Court of Appeals of Missouri, Eastern District, Fourth Division
from the Circuit Court of the City of St. Louis Honorable
Jason M. Sengheiser
VAN AMBURG, JUDGE
(Landlord) appeals the trial court's judgment in favor of
LXS Investments (Tenant) in this action for unlawful
detainer. We reverse and remand.
owns real estate in the City of St. Louis. Tenant operates a
restaurant called The Drunken Fish. In 2006, the parties
entered into an agreement for the lease of commercial space
at One Maryland Plaza in the Central West End neighborhood.
As relevant here, that agreement provided as follows:
Default: In the event of any failure of Tenant to
pay any rental due hereunder within thirty (30) days after
the same shall be due, or any failure to perform any other of
the terms, conditions, or covenants of this Lease to be
observed or performed by Tenant for more than ten (10) days
after written notice of such default ... Landlord, besides
other rights or remedies it may have, shall have the
immediate right of re-entry ... . ... Landlord does not waive
its right to pursue any other right or remedy to which it may
be entitled ... .
Waiver. The waiver by Landlord of any breach of any
term, covenant, or condition ... shall not be deemed to be a
waiver of such term, covenant, or condition. ... The
subsequent acceptance of rent hereunder by Landlord shall not
be deemed to be a waiver of any preceding breach by Tenant of
any term, covenant, or condition of this Lease, other than
the failure of Tenant to pay the particular rent so accepted.
… Time is strictly of the essence of Tenant's
performance of all covenants and agreements ... and in the
payment of all sums to be paid.
2015, the parties entered into an amendment to the original
lease providing in pertinent part:
Renewal Option: Provided Tenant is not then in
default and has not been in default during the term of this
Lease and any prior option term, whether or not Landlord
shall have notified Tenant in writing of such default and
whether or not such default shall have been cured by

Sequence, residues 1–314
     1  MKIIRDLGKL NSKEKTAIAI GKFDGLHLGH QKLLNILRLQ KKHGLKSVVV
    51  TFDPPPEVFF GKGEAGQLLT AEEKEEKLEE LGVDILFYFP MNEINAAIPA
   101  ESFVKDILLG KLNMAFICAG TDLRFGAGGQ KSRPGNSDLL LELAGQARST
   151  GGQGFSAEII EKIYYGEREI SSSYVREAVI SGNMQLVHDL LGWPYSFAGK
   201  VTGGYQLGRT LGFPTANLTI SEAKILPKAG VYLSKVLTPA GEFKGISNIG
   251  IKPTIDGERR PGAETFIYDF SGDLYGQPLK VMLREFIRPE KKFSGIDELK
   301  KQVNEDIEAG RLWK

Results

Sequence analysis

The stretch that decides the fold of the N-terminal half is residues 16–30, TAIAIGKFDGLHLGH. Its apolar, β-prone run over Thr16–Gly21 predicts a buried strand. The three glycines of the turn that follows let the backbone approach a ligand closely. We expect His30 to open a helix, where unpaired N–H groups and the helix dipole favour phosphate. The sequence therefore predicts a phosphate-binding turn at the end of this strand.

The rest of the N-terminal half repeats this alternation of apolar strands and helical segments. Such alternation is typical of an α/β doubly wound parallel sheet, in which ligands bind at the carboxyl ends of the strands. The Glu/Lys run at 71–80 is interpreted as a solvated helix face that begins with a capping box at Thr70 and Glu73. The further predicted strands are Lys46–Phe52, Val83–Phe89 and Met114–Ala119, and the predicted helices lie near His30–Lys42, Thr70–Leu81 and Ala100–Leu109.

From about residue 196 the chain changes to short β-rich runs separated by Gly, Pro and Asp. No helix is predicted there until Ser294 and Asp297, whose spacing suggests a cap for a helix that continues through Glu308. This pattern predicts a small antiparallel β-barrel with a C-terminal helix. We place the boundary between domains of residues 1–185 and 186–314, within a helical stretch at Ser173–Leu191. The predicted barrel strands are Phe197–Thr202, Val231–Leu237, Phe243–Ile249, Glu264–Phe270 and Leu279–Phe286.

Tenant, ... Tenant shall have the right and option ...
to extend the term of this Lease [for five years commencing
January 1, 2017].
6. ... In the event of any conflict between the
Lease and this First Amendment, the terms and conditions of
this First Amendment shall control.
2016, Tenant notified Landlord of its intent to renew the
lease for another 5-year term. Landlord rejected Tenant's
attempt to renew, citing Tenant's failure to perform
certain obligations during the existing term (e.g., to pay
rent on time, furnish insurance policies and maintenance
agreements, maintain windows, hydroflush sewer lines,
maintain grease traps). Tenant refused to vacate the
premises, asserting that it wasn't in default because
Landlord never provided Tenant notice as contemplated in the
Default clause. Landlord responded that notice wasn't
required under the Renewal clause and filed suit against
Tenant for unlawful detainer.
trial, Tenant testified as follows. Tenant negotiated a lower
rent rate under the amendment due to the condition of the
premises, and Tenant had since spent approximately $200, 000
on improvements. Though Tenant had not read or complied with
the lease in the aforementioned respects, it had always
maintained the policies, paperwork, and utilities in
question, it just hadn't provided proof of the same to
Landlord because Landlord never asked. Though some rent
payments were posted after the due date, Tenant generally
paid rent when it received an invoice, and, under the lease,
late charges didn't apply until five days after the due
date. Tenant suggested that Landlord was attempting to get
out of the lease for a more lucrative deal. Tenant argued
that its renewal was effective and enforceable - Landlord
wasn't entitled to refuse. Landlord admitted that it had
accepted late payments in the past but noted that the Waiver
clause reserved Landlord's rights as to any instances of
non-compliance. Landlord argued that, notwithstanding the
Default clause, the Renewal clause specifically predicated
Tenant's right to renew upon the absence of
non-compliance, regardless of notice.
trial court entered judgment in favor of Tenant, reasoning
that a conflict between the Renewal and Default clauses
created an ambiguity, which should be construed against
Landlord as the drafter. Thus, the court interpreted
"default" in the Renewal clause to first require
notice as provided in the Default clause. As such, the court
concluded that Tenant was not in "default, " so
Tenant effectively exercised its option to renew. Landlord
appeals and asserts that the trial court's interpretation
is erroneous as a matter of law.